Morphometric and functional study of the canine atlantoaxial joint

Planchamp, Bastien; Bluteau, Jasmin; Stoffel, Michael H.; Precht, Christina; Schmidli, Fenella; Forterre, Franck (2019). Morphometric and functional study of the canine atlantoaxial joint. Research in veterinary science, 128, pp. 76-85. Elsevier 10.1016/j.rvsc.2019.11.005

[img] Text
1-s2.0-S0034528819306502-main.pdf - Published Version
Restricted to registered users only
Available under License Publisher holds Copyright.

Download (3MB) | Request a copy

The atlantoaxial joint can be affected by instability, in most cases a congenital pathology in young small breed dogs. Causes of atlantoaxial instability (AAI) are variable but are usually attributed to a lack of ligamentous support. The purpose of the present study was to specify the role of the ligamentous structures in the stabilisation of the atlantoaxial joint and to find possible adaptations of the ligaments’ internal structure to their specific function. Five Beagle cadavers were included in this study. Each dog was subjected to a computed tomography (CT) and a magnetic resonance imaging (MRI) examination of the upper cervical region. This region was then dissected and the ligamentous structures stabilising the atlantoaxial joint were measured and removed for histological analysis. A ligament to dens ratio (LDR) was established in order to provide a basis for comparison with the measurements taken in other dog breeds. MRI and gross anatomical measurements were very similar, confirming the validity of the results. MRI thus seems reliable for evaluating the ligamentous structures of the canine occipitoatlantoaxial region. The movement exerting the greatest stress on the atlantoaxial ligaments and inducing the greatest distension of the alar ligaments was a head flexion combined with a rotation. A clear adaptation of the ligamentous shape and internal structure to their specific function was observed. Histologically, alar ligaments consisted of wavy collagen fibres and a high proportion of elastic fibres, providing them with a remarkable elasticity compared to the transverse ligament structure which was much more rigid.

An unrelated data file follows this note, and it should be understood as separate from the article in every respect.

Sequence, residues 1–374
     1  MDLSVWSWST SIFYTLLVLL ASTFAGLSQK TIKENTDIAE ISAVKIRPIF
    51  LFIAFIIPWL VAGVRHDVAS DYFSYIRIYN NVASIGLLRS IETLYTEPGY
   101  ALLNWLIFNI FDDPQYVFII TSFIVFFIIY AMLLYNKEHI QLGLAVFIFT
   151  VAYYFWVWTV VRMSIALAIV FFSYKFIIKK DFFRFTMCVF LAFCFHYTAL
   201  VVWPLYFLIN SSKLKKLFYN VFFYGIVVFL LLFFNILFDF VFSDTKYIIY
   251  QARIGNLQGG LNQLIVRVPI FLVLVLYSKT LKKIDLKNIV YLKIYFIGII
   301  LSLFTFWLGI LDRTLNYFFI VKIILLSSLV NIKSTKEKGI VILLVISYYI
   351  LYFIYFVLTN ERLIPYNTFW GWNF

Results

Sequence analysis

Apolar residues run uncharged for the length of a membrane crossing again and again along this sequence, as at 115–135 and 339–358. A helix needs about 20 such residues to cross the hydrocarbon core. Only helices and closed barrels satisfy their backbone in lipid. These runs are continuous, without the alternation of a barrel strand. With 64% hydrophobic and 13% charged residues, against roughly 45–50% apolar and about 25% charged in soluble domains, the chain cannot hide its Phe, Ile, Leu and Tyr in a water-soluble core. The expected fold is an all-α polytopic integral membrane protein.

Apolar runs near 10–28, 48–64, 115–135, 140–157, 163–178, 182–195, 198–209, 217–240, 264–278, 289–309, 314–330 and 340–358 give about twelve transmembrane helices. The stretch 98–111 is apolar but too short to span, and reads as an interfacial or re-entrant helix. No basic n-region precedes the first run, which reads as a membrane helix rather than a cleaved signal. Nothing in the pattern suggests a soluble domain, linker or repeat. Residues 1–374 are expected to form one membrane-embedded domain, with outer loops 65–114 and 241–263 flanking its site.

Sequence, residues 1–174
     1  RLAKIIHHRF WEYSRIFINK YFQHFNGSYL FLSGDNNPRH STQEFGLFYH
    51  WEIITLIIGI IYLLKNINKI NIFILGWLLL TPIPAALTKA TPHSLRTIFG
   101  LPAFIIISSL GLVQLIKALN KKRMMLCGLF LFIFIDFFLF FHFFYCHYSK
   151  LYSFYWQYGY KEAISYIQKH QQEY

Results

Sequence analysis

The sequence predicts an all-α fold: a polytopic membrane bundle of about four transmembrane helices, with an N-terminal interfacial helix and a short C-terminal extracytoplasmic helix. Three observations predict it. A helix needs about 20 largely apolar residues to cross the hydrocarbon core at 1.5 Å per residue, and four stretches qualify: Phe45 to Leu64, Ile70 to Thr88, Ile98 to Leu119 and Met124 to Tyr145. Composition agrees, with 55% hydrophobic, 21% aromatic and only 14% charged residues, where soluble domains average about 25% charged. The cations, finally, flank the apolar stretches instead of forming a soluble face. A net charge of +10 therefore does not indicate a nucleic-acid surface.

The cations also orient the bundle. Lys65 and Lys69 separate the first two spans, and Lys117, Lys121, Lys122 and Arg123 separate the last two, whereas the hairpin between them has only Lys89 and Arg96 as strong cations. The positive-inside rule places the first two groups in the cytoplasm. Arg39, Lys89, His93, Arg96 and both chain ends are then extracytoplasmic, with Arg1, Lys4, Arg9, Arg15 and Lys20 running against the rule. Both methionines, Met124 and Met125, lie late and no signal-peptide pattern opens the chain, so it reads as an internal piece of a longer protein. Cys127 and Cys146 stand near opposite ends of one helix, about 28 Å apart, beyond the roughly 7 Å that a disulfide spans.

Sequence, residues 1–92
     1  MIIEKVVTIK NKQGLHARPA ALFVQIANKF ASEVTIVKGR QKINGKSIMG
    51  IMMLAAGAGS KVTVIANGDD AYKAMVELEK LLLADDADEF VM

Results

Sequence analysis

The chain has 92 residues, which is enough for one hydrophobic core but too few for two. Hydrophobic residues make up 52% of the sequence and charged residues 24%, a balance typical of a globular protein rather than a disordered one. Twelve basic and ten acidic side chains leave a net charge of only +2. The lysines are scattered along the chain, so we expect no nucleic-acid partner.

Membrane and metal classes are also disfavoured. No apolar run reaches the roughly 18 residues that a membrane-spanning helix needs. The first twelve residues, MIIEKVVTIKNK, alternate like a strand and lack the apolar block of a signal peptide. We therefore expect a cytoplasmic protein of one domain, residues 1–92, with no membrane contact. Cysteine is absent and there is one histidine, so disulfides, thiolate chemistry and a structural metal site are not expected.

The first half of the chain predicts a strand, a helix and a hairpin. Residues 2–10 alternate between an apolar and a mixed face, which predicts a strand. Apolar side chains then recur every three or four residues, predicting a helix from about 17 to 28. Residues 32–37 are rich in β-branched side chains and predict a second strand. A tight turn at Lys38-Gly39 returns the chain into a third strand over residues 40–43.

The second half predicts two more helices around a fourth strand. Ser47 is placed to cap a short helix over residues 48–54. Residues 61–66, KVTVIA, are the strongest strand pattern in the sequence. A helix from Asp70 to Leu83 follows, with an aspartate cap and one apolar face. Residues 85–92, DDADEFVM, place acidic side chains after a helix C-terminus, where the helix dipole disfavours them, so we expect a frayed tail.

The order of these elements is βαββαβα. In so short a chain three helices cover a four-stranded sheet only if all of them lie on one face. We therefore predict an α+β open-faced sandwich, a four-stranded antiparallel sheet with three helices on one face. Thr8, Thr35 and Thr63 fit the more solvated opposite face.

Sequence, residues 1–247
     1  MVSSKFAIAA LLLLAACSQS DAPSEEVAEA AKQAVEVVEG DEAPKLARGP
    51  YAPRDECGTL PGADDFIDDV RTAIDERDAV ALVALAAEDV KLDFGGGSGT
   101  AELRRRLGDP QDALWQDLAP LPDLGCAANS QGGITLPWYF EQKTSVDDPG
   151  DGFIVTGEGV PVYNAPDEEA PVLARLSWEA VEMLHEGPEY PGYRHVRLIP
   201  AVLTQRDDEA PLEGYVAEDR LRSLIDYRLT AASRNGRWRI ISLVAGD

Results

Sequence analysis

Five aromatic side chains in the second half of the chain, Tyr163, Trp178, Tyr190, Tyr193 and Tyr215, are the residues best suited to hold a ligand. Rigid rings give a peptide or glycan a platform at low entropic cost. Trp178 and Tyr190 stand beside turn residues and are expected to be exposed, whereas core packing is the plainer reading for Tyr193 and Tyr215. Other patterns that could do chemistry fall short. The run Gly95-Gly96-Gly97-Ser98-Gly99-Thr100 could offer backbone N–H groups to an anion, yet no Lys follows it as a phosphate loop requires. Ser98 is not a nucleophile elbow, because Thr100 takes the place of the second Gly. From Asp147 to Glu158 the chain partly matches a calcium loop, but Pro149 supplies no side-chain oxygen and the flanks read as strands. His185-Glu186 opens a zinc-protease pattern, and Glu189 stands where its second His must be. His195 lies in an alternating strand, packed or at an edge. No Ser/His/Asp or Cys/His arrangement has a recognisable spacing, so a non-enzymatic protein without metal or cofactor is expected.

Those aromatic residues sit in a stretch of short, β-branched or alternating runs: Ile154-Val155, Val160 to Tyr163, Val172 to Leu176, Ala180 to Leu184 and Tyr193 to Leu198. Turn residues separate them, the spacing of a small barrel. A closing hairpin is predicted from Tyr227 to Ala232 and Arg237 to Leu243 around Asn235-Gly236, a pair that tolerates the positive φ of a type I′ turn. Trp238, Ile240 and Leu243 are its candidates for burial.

Item Type:

Journal Article (Original Article)

Division/Institute:

05 Veterinary Medicine > Research Foci > NeuroCenter
09 Interdisciplinary Units > Microscopy Imaging Center (MIC)
05 Veterinary Medicine > Department of Clinical Veterinary Medicine (DKV) > DKV - Clinical Neurology
05 Veterinary Medicine > Department of Clinical Veterinary Medicine (DKV) > Small Animal Clinic > Small Animal Clinic, Surgery
05 Veterinary Medicine > Department of Clinical Veterinary Medicine (DKV) > DKV - Clinical Radiology
05 Veterinary Medicine > Department of Clinical Veterinary Medicine (DKV) > Small Animal Clinic
05 Veterinary Medicine > Department of Clinical Research and Veterinary Public Health (DCR-VPH) > Veterinary Anatomy

UniBE Contributor:

Planchamp, Bastien; Bluteau, Jasmin Maria; Stoffel, Michael Hubert; Precht, Maria Christina; Schmidli-Davies, Fenella Elsa and Forterre, Franck

Subjects:

500 Science > 570 Life sciences; biology
500 Science > 590 Animals (Zoology)

ISSN:

0034-5288

Publisher:

Elsevier

Language:

English

Submitter:

Vanessa Alice Blum

Date Deposited:

04 Dec 2019 09:50

Last Modified:

18 Dec 2019 09:22

Publisher DOI:

10.1016/j.rvsc.2019.11.005

PubMed ID:

31759272

Uncontrolled Keywords:

Dog; Atlantoaxial joint; Morphometry; Function; Ligament; Histology

BORIS DOI:

10.7892/boris.135533

URI:

https://boris.unibe.ch/id/eprint/135533

Actions (login required)

Edit item Edit item
Provide Feedback